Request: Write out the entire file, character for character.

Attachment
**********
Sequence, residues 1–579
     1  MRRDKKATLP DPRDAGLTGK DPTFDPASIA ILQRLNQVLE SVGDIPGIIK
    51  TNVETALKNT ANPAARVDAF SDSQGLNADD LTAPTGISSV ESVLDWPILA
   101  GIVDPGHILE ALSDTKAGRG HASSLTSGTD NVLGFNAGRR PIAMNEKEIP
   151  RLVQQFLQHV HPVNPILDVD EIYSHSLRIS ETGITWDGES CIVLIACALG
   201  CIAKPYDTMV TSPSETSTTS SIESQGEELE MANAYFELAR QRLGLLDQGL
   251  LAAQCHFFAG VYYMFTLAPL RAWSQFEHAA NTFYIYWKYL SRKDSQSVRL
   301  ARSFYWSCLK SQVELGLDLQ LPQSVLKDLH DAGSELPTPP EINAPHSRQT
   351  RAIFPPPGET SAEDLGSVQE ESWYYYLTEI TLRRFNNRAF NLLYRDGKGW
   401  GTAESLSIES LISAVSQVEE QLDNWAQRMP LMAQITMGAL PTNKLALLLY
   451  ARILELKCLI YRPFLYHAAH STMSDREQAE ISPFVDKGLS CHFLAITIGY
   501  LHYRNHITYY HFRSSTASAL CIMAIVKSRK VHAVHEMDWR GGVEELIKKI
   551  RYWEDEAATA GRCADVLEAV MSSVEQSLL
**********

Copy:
Sequence, residues 1–579
     1  MRRDKKATLP DPRDAGLTGK DPTFDPASIA ILQRLNQVLE SVGDIPGIIK
    51  TNVETALKNT ANPAARVDAF SDSQGLNADD LTAPTGISSV ESVLDWPILA
   101  GIVDPGHILE ALSDTKAGRG HASSLTSGTD NVLGFNAGRR PIAMNEKEIP
   151  RLVQQFLQHV HPVNPILDVD EIYSHSLRIS ETGITWDGES CIVLIACALG
   201  CIAKPYDTMV TSPSETSTTS SIESQGEELE MANAYFELAR QRLGLLDQGL
   251  LAAQCHFFAG VYYMFTLAPL RAWSQFEHAA NTFYIYWKYL SRKDSQSVRL
   301  ARSFYWSCLK SQVELGLDLQ LPQSVLKDLH DAGSELPTPP EINAPHSRQT
   351  RAIFPPPGET SAEDLGSVQE ESWYYYLTEI TLRRFNNRAF NLLYRDGKGW
   401  GTAESLSIES LISAVSQVEE QLDNWAQRMP LMAQITMGAL PTNKLALLLY
   451  ARILELKCLI YRPFLYHAAH STMSDREQAE ISPFVDKGLS CHFLAITIGY
   501  LHYRNHITYY HFRSSTASAL CIMAIVKSRK VHAVHEMDWR GGVEELIKKI
   551  RYWEDEAATA GRCADVLEAV MSSVEQSLL